# Synopsis: Quantum chemistry made easier

A new method for computing electron properties in many-electron molecules yields better results at lower computational cost.

The quantum mechanical wave function in Schrödinger’s equation contains everything you need to know about a many-body system, but actually calculating properties such as the energies of electrons in a molecule can defeat even the most powerful supercomputers. For fifty years, researchers have known that such calculations should be possible using a different approach, one that involves the density matrix—a statistical description that avoids the need to use the full multielectron wave function. David Mazziotti of the University of Chicago now reports in Physical Review Letters his success at an improved density matrix calculation of the ground-state energies and other properties of several molecules, yielding better answers with much higher computational efficiency.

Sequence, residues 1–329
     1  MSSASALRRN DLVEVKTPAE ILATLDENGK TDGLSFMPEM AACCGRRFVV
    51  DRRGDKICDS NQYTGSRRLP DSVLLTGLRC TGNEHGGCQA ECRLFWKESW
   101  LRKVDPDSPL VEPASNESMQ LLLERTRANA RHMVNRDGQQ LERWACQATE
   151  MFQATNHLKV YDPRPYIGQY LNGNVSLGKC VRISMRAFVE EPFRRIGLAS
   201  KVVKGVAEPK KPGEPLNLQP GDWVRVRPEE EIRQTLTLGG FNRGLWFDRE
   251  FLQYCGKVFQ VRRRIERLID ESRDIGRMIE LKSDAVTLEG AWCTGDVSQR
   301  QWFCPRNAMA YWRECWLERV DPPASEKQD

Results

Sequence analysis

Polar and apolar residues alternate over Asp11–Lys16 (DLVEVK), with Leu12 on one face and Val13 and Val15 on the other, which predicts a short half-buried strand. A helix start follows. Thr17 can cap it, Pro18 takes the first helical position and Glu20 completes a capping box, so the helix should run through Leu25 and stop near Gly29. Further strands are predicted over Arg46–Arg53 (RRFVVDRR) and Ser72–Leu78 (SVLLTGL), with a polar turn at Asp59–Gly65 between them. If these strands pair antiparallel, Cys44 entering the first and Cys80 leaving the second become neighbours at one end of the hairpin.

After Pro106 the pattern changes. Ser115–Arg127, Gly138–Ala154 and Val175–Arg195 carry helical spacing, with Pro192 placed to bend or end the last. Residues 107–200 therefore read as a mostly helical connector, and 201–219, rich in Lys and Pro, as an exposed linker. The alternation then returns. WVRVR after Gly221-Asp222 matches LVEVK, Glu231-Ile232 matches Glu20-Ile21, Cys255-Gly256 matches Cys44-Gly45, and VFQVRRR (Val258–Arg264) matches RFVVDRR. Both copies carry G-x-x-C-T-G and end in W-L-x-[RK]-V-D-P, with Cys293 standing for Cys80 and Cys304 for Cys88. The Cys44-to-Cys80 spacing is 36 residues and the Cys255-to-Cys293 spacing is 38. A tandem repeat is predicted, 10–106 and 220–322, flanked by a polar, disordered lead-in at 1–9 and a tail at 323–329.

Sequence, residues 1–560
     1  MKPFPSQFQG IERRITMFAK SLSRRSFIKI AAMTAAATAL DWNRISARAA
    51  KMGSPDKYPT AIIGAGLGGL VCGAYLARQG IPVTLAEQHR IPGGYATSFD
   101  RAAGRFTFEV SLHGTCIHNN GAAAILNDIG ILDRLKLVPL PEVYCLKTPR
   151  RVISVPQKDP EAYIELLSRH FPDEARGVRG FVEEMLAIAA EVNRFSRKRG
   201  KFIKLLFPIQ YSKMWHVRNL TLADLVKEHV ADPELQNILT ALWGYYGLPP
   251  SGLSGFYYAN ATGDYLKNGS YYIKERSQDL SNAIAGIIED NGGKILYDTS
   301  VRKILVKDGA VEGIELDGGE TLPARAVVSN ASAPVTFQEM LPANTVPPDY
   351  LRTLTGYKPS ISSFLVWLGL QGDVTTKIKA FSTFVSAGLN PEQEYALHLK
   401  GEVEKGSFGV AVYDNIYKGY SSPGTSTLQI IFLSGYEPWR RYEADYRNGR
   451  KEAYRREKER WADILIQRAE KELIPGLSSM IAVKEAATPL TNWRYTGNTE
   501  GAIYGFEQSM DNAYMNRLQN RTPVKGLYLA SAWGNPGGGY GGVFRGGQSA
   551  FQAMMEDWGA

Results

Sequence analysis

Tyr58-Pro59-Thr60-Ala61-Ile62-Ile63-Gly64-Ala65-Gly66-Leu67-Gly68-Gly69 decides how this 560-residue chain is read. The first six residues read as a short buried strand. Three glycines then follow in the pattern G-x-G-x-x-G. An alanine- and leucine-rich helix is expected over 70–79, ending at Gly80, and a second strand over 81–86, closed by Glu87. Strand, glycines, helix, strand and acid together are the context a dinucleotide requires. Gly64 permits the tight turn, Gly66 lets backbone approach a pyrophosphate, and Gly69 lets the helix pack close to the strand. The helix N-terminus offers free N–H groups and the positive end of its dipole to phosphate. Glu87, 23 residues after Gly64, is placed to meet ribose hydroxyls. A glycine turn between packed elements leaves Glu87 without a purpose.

Since the late 1950s, theorists understood that ground-state molecular energies could be calculated with the use of a density-matrix approach that took electrons two at a time, and then summing over all electron pairs. The advantage is that a full $N$-electron calculation scales exponentially as $N$, whereas computing these properties with a two-electron density matrix would only scale polynomially with $N$. Such scaling means a huge payoff in the computational resources needed. But ensuring that these so-called reduced density matrices properly represent a full $N$ electron system has been elusive.

Building on his own group’s recent work and that of Christian Kollmar at the Rijksuniversiteit Groningen, Mazziotti has developed a new form of the reduced density matrix that results in not only significant computational speedup, but also much higher accuracy in the results. The method permits better calculations of ground state energies, bond distances, and bond breaking for a range of molecules including $\text{HF}$, $\text{CO}$, and ${\text{CH}}_{4}$, and should find wide application in computational chemistry. – David Voss

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## Subject Areas

Atomic and Molecular Physics

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Particles and Fields

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Quantum Physics

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